I could point out how fitting it is to span an arc from Isaiah to sin (see title). Or I could quip that it would actually make more sense to go the other way: from sin to Isaiah (since Isaiah presenta the solution of the problem of sin). But the fact is, of course, that the beginning and end point for this report is entirely random. I just happened to start the four weeks with Isaiah and end with sin.
The best I can do is to share a few of the highlights I ran into – in alphabetical order! So here we go.
You are probably aware of this, but in the Old Testament it is not always easy to determine who exactly is meant with Israel. After Solomon’s death his kingdom split into two parts. The ten tribes in the north were often referred to as the kingdom of Israel, whereas Judah and Benjamin became the kingdom of Judah. So in the prophets Israel often – but by no means always – refers to the northern kingdom.
This article claims that in the phrase “God of Israel”, Israel always refers to the whole nation. I have not checked it, but it would make sense. He is never the God of only some tribes, and certainly not the God of the northern kingdom. By the way, apart from Ezekiel, the prophets rarely use Israel as a name for the land. They put a strong emphasis on Israel as the people, not the land. Just saying.
One more gem from this article. A number of times Isaiah refers to both Jacob and Israel in the same verse (e.g. Is. 40:27; 43:1; 44:21; 46:3; 48:1). The article links this with the Jacob narrative in Genesis (395). Jacob becomes Israel. The change in name of course marked an inner transformation, but it was an incomplete one; in Genesis Jacob/Israel continued to be a work in process. The same could be said of Israel as the house of Jacob. When God promised salvation through Isaiah, he was quite realistic as to what he was getting into; Jacob doesn’t easily morph into Israel.
“Israelite History” (397-422)
With approximately 25 pages this is the longest article in the dictionary. I don’t like it very much (it is quite reluctant to treat biblical text as a source of historical data), but it did contain this little informational gem: 85% of settlements in the hill country (the region between the central mountains and the coastal plain) were abandoned and not re-occupied after 700 BC (408). This provides a graphic illustration for the severe devastation that the Assyrian invasion wrought during Isaiah’s lifetime (as described by the prophet in for instance Is. 1:7-9).
“Jeremiah: Book of” (423-41)
I already mentioned this in the previous reading report, but the book of Jeremiah is the one prophetic book for which we do have two rather different versions, represented by the Greek Septuagint and the Hebrew Masoretic text (the text used for most Bible translations). The Masoretic text is about 12% longer and has the oracles against the nations at the end, not in the middle of the book.
Fact is, the structure of Jeremiah is difficult to define or explain. One way to look at it is that there is a double structure, 1-25 and 26-45. The first part mostly consists of Jeremiah’s prophecies and his personal laments or complaints. The second half includes mostly narratives. This original structure has been changed by later insertions. Some of this added material sits uneasy in its present position.
It appears that quite a bit of the extra material in the Masoretic text consists of introductions and concluding remarks and other formulae, so material of relatively secondary importance. This is a far cry from the idea that the scribes added substantial amounts of newly created content of their own making.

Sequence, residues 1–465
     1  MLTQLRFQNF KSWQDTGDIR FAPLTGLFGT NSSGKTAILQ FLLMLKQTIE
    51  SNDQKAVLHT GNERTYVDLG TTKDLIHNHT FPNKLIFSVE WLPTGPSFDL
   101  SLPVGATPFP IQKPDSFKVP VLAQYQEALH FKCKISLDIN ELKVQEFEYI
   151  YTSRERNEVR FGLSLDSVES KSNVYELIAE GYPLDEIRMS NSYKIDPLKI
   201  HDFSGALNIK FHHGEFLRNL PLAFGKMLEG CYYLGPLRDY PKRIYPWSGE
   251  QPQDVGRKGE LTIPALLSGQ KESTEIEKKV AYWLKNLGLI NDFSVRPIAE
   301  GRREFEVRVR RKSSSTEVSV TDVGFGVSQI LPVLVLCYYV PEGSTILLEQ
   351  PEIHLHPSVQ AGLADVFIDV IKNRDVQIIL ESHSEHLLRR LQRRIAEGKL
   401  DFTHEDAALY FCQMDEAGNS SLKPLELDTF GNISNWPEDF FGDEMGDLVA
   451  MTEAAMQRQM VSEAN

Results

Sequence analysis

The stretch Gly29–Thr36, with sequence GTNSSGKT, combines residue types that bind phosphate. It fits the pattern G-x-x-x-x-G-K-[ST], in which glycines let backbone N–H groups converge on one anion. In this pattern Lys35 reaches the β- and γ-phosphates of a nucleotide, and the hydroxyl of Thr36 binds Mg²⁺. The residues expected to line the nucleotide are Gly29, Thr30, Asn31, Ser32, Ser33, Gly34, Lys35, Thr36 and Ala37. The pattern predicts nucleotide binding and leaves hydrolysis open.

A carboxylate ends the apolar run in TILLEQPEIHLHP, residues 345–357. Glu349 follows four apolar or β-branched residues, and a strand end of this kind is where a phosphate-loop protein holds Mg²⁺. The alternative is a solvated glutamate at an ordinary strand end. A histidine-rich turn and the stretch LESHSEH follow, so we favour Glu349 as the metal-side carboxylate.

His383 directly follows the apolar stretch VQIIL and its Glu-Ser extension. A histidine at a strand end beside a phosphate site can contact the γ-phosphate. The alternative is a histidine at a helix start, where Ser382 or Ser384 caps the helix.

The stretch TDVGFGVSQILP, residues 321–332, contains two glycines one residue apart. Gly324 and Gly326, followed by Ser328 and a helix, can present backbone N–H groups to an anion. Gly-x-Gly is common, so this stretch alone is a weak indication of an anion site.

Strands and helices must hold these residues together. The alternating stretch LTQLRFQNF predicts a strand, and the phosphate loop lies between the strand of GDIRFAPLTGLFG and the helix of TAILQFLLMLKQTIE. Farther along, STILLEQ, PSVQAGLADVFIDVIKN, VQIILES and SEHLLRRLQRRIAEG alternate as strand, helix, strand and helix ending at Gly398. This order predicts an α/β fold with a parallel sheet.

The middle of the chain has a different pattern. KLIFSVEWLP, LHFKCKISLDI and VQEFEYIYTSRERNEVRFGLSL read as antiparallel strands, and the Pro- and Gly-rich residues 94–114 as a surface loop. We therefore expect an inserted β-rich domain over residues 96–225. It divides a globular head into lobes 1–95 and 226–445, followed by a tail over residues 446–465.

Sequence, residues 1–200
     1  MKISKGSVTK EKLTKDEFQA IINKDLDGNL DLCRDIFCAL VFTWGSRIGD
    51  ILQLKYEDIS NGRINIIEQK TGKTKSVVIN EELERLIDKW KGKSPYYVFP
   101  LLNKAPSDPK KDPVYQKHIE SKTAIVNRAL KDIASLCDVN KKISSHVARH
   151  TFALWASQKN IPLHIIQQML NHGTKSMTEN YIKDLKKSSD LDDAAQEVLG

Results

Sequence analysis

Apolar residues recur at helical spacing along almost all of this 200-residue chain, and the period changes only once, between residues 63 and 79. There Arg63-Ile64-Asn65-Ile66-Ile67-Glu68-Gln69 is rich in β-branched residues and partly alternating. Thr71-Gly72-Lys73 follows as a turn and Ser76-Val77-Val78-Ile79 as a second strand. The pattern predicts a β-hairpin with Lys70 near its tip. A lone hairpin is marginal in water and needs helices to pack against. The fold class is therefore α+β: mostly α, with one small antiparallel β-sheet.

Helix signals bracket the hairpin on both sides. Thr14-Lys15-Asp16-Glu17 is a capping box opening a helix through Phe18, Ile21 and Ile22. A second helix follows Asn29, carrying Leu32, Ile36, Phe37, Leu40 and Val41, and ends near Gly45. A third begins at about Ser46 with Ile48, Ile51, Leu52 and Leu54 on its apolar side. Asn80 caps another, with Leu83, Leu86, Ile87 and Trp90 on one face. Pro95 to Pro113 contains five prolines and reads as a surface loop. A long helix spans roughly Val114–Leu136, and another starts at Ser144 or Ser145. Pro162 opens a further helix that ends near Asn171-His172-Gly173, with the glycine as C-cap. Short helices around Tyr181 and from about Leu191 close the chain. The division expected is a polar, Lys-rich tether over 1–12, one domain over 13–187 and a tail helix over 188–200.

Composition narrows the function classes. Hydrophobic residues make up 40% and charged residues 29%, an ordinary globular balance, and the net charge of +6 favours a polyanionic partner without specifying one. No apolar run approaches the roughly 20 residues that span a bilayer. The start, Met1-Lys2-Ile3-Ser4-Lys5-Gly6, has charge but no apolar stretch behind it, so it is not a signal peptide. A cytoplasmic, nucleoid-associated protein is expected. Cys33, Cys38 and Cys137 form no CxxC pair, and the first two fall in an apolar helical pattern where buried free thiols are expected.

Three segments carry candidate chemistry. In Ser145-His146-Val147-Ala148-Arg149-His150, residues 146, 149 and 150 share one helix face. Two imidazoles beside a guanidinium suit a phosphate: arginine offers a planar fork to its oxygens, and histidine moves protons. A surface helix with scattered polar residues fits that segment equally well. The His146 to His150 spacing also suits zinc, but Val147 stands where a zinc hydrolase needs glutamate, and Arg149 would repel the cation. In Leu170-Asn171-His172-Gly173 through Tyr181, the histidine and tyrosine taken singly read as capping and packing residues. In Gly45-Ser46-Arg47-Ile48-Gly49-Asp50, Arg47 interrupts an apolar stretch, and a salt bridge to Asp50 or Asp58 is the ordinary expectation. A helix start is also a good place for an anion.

Might this suggest that the postexilic scribes were not so much striving for literary creation and a polished final product? What if instead they were attempting to preserve whatever was available to them of Jeremiah’s work? How come that the book of Isaiah is such an incredibly refined and polished unified whole, whereas Jeremiah is full of rough edges and illogical sequences (jumping back and forth in time)?
It is interesting to speculate on such questions, but I am afraid there are no firm answers.
“Jeremiah: History of Interpretation” (441-9)
This article contains a noteworthy statement on the structure of Jeremiah, which fits well with what I wrote in the previous segment: “The structure of the book as a whole remains a topic under discussion among interpreters, and no consensus as yet developed to account for it” (445).
“Joel, Book of” (449-55)
Joel 3:10 or 4:10, depending on your version, contains the call to beat ploughshares into swords. This is the exact opposite of Isaiah 2:4. The author of this article argues that the version in Joel is the original, used as a call to war, perhaps even an established expression even before Joel. “It appears that Isaiah and Micah reverse this common idiom in order to illustrate the peacefulness of the eschatological age. Joel, by contrast, seems to preserve the original idiom” (451).
Makes sense. People are more likely to issue a call to war than a call to peace. The idea to convert a ploughshare into a weapon probably comes quicker than thinking the other way around.
“Prophets in the New Testament” (650-7)
This article includes statistics on quotations from the prophets in the New Testament (650). There are direct quotes from Isaiah in 65 verses. Next are Jeremiah, Hosea and Zechariah, with 6 verses each, and Joel and Amos with 5 verses.
Allusions and parallels are more numerous and spread out more equally. Isaiah still leads with 210. Ezekiel has 130, Jeremiah 95, Daniel 70. Daniel is far shorter than the other three, so in proportion to its size, Daniel leads, although many of the allusions are in one book, the Revelation. Clearly then, Isaiah is the king of the prophets.
But it did I really need to read 900 pages to figure that out?